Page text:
Comprehensive geotechnical investigations and extensive laboratory testing have revealed that the foundation materials display characteristics of clayey and granular soils. Under shearing, these soils demonstrate high initial strength, which gradually reduces as the inter-aggregate bonds are broken and the relative position of the aggregates changes. Several soil samples also exhibited significant contractive behaviour on shearing generating high pore pressures under undrained conditions.
This paper presents the investigation and design methods used in the foundation design of the Millstream Dam upgrade with emphasis on unusual behaviour of the foundation media.
Challenges in dam design on lateritic soils
Richard Herweynen, Robert Montalvo, John Ager
The choice of materials used in the construction of a dam is one of the most critical decisions in the design process. Our natural behaviour as engineers is to adopt materials which have proven performance, and which conform to Australian or international standards, which sometimes causes us to overlook the specific conditions and demands of the project at hand. In an environment where the majority of concrete produced is for structural purposes, the properties of these concretes is often vastly different to those desired for mass concrete structures such as dams and spillways.
The big question at Wyaralong Dam was could onsite aggregate be used in the Roller Compacted Concrete (RCC)? The Wyaralong Dam is located in the Gatton Sandstone (early Jurassic), predominantly feldspathic to lithic‐feldspathic sandstones with a clay matrix. Early analyses and tests suggested that the Gatton Sandstone was not suitable for RCC aggregate due to a 68% wet/dry strength reduction, high water absorption (5.2 – 7.5%) and petrographic interpretation that clay content was mainly swelling clay, leading to durability concerns.
Due to significant community, safety and cost issues with importing aggregate, Wyaralong Dam Alliance (WDA), during the development of the RCC mix design for Wyaralong Dam, chose to pursue the use of onsite quarried sandstone aggregate instead of importing aggregate. Additional petrographic and XRD analyses and extensive durability tests were undertaken on cores of sandstone and RCC samples, including wet‐dry cycles, soak tests in ethylene glycol, soaks in sodium hydroxide, and heating and cooling cycles. These tests indicated that, if swelling clays are present, they do not impact the durability behavior of the RCC aggregate.
The substantial effort put into testing the sandstone aggregate has paid off for WDA. Not only have the results indicated that the RCC mix performs remarkably well in terms of durability, but the very low modulus of elasticity of the mix has provided exceptional performance in terms of thermal loading; with all the related benefits in reduced restrictions to placement schedule and cooling requirements. Onsite sandstone was not only proven to be a feasible option, it has been demonstrated that it is the best option for the project. Details of the study are provided in this paper.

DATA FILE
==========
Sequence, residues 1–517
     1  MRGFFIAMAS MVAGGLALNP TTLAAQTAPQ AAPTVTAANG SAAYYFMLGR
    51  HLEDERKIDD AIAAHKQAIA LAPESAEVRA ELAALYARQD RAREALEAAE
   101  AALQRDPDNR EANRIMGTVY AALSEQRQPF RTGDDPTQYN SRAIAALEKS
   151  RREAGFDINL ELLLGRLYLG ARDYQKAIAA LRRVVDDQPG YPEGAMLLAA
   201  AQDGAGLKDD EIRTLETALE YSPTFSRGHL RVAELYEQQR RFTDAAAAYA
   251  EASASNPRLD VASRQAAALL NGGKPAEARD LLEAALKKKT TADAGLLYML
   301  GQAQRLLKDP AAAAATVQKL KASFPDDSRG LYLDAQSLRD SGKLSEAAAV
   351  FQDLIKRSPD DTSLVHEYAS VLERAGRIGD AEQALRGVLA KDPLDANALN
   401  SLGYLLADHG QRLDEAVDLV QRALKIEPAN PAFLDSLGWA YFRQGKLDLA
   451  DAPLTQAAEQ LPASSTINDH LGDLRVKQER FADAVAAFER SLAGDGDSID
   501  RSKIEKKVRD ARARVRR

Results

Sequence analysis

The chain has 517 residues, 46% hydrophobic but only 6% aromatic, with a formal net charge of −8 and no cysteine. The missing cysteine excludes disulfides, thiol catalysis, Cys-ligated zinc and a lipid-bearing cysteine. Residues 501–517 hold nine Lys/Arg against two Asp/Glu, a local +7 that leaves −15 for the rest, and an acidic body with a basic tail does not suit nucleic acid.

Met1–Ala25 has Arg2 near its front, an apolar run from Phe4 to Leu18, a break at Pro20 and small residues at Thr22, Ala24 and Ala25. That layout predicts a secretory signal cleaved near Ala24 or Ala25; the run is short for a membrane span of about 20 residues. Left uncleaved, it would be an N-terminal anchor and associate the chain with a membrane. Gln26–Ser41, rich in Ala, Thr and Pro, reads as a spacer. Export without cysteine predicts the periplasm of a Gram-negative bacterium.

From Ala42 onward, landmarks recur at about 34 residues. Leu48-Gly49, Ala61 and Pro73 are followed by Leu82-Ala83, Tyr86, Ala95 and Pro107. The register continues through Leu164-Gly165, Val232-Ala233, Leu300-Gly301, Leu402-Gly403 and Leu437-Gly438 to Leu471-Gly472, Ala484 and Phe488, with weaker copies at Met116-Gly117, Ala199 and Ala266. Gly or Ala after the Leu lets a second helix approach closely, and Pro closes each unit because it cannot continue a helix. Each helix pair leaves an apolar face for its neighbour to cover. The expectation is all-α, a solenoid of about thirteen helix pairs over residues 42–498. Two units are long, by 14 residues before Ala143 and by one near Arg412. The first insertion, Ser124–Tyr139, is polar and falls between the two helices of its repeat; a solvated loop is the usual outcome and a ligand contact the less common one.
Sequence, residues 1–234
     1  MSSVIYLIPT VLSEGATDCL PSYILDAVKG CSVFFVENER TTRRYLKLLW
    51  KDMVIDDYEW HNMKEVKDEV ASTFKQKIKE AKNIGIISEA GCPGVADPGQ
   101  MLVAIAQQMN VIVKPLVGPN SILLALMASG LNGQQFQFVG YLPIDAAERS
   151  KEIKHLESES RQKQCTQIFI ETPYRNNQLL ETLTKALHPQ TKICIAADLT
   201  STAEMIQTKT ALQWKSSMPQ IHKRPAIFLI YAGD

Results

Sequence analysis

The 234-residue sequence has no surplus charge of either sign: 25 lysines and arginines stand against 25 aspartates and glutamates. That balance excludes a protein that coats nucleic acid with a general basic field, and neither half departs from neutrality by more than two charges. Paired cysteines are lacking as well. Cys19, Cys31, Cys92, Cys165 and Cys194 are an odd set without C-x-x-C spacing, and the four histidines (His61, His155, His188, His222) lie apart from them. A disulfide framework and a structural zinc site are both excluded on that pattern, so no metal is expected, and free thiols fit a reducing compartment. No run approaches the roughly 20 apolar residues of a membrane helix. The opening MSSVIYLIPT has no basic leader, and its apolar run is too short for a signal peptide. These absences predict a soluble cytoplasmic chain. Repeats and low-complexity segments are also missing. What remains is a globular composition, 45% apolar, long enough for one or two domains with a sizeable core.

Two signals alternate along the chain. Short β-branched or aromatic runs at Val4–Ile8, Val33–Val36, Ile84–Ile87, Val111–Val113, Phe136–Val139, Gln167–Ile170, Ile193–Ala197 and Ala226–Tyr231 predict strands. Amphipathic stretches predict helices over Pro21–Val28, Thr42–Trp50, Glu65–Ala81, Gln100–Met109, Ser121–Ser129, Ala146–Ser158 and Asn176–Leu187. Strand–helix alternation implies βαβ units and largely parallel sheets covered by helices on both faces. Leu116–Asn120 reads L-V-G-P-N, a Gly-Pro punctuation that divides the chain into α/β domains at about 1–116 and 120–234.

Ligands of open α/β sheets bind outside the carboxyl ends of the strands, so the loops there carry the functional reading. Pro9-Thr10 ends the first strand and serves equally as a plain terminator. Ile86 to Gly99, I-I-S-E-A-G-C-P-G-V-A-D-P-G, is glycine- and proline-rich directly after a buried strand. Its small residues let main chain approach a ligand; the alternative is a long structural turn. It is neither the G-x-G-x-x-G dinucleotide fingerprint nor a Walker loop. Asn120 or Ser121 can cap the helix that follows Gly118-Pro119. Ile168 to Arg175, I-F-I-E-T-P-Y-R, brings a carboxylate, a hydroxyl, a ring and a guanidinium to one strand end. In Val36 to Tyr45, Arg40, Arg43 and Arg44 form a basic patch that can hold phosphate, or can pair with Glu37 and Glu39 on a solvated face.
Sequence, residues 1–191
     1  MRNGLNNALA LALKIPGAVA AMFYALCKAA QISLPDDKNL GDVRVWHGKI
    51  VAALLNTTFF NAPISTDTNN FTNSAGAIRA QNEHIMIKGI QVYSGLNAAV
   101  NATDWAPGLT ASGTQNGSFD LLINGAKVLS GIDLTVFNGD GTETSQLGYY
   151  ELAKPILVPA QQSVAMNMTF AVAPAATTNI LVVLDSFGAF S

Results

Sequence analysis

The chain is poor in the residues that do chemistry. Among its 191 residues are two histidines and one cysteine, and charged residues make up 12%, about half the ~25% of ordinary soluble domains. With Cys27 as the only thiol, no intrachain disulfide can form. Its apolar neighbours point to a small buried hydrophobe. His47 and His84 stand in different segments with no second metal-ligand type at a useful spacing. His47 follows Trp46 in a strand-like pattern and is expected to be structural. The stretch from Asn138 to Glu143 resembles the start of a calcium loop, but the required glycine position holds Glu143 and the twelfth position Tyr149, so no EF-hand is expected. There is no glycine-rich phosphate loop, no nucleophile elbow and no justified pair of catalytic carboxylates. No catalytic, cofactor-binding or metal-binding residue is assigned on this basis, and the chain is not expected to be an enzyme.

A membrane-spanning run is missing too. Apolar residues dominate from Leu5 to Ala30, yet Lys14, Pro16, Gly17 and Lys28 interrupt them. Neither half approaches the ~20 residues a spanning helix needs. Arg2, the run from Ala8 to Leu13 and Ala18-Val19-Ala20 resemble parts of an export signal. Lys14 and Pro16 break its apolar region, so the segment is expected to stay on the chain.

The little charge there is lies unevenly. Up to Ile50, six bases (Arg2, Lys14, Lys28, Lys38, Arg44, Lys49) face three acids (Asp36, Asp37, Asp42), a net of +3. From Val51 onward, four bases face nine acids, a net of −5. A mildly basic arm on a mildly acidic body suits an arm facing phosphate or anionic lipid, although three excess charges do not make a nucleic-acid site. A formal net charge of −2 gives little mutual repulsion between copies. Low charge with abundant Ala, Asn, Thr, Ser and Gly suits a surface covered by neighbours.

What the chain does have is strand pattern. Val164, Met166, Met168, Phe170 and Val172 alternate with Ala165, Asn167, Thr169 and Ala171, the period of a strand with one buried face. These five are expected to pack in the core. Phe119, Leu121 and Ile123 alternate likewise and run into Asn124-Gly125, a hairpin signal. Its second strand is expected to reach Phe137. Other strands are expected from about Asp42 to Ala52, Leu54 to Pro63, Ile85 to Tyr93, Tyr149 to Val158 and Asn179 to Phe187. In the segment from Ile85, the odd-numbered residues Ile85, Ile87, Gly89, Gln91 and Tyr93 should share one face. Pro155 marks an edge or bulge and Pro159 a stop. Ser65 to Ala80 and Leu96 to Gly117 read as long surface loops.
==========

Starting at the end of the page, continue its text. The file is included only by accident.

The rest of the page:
Keywords: Roller Compacted Concrete (RCC), Sandstone, Aggregate, Clay, Mix, Durability
Cat McConkey, Zarmina Nasir, Rachel Caoil
The Enlarged Cotter Dam (ECD) is the first major project to be assessed and approved under the new planning regime in the Australian Capital Territory (ACT). ACTEW chose the ECD as its highest priority option in securing Canberra’s water supply for the future because of its relative economic benefit to the community, reliability of water supply, technical feasibility and comparatively low environmental impact.
The planning and construction of large dams has been reduced from a typical 10 plus years to four years in the ACT and surrounds for the ECD. Australian and International Dam design and construction has significantly developed from a time when dam approvals focused on engineering, economics and constructability to now include regulatory planning processes that seek to reconcile environmental, social and economic impacts.
This paper explores and contrasts the experience of securing approvals for the ECD in 2009 to past experiences of dam planning approvals and consultation processes.
Cubit T, Swindon A, Tanner D
Catagunya Dam is located on the Derwent River in Tasmania’s south east. During construction of the dam in early 1960’s 412 post-tensioned anchors were installed, however the integrity of the original anchors can no longer be assured. The stability of the dam was restored between 2008 and 2010 using 92 modern, large diameter, load monitorable and corrosion protected post-tensioned anchors. These are the most highly stressed anchors applied to a dam at this time.
Some of the key construction challenges included installing 53 anchors within an operating spillway, utilising a very limited construction window and replacing severed surface reinforcement using carbon fibre rods.
This paper details how these challenges were resolved and presents a number of innovative solutions developed along the way.